London, 15 September 1940. The air battle over Britain on that day saw two of the most advanced fighter planes, the British Supermarine Spitfire and the German Messerschmitt Bf 109, battle for supremacy of the skies. The Decisive Duel tells the stories of these iconic, classic aircraft and the people that created them: Willy Messerschmitt, the German designer with a love for gliders and admiration for Hitler; R.J. Mitchell, his brilliant British counterpart, who struggled against illness to complete the design of the Spitfire. In fascinating detail, David Isby describes the crucial role the two opposed planes played, from the drawing boards to Dunkirk, the Battle of Britain to the final battles over Germany.
History

The Royal Air Force

Author: John Buckley

Publisher: Oxford University Press

ISBN:

Category: History

Page: 288

View: 195

In 1918, the Royal Air Force became the first major independent air force in the world. Formed to serve a strategic need in the most intensive war that Britain had then fought, the RAF continued in the inter-war era to play a key role in the political and diplomatic world, and in defending the Empire. During the Second World War, the RAF was pivotal in defending Britain from invasion in the Battle of Britain, and then in leading the assault on the Axis powers, most notably through the contentious bomber offensive against Germany. In the post-war world, the RAF adapted and developed into a force to meet the needs of the United Kingdom during the Cold War, the retreat from Empire, and most recently in the move to coalition warfare against low intensity threats, all against a backdrop of diminishing resources and shifting priorities. This is the story of the RAF over the first century of its existence: how it has confronted the many challenges and threats it has faced — from the Luftwaffe in 1940, through the spectre of nuclear holocaust in the Cold War, to the fight against terrorism in the 21st century — and how it has contributed to the defence of the United Kingdom throughout that period.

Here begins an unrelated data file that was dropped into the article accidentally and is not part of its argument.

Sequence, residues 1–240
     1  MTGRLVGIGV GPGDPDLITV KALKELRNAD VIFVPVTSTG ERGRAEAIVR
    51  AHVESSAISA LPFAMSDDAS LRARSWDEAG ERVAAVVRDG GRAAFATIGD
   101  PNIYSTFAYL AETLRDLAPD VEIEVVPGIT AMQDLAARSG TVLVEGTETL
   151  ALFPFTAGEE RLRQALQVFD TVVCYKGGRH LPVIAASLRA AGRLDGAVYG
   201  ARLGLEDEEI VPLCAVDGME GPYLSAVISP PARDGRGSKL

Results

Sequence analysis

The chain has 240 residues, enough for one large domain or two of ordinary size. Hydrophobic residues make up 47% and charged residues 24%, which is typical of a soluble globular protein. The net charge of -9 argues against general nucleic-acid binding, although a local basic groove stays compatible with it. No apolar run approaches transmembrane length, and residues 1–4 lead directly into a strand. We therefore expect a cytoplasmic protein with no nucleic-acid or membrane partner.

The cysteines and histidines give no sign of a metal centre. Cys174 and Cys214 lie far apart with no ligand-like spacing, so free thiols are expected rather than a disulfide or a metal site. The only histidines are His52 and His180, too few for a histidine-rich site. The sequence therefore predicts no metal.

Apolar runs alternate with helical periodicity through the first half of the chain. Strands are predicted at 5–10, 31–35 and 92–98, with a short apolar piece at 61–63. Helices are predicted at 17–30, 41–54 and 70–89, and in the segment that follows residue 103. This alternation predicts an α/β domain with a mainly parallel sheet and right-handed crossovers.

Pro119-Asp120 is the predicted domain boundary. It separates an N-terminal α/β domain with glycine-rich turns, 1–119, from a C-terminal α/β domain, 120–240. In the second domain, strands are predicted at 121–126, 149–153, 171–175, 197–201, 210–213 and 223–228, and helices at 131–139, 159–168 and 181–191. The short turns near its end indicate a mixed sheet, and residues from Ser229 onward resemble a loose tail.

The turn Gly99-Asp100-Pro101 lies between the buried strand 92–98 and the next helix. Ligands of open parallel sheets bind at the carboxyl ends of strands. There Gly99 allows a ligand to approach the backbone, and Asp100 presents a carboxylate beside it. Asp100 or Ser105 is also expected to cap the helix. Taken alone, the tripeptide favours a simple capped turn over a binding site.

History

Swift to Battle: 1937-1942

Author: Tom Docherty

Publisher: Casemate Publishers

ISBN:

Category: History

Page: 257

View: 549

This first of three volumes traces the history of 72 Fighter Squadron, one of the premier squadrons in the Royal Air Force. The aircraft flown, operational personnel and missions flown are fully described with firsthand accounts from pilots and both air and ground crew.Having been first established in 1917 the squadron was disbanded in February 1918. It was re-formed in February 1937 from 'B' Flight of 1 Squadron and was equipped with Gloster Gladiators. In 1939 it was re-equipped with Spitfires which were used in air defense and convoy protection sorties following the start of the war. In 1940 the squadron moved to assist in the evacuation of Dunkirk. During The Battle of Britain, 72 spent the early days at RAF Acklington as part of 13 Group before moving south during September to assist the main defense force. The squadron then flew penetration 'Circus' missions over occupied Europe with the intention of causing havoc to the German forces and also to lure German fighters into combat.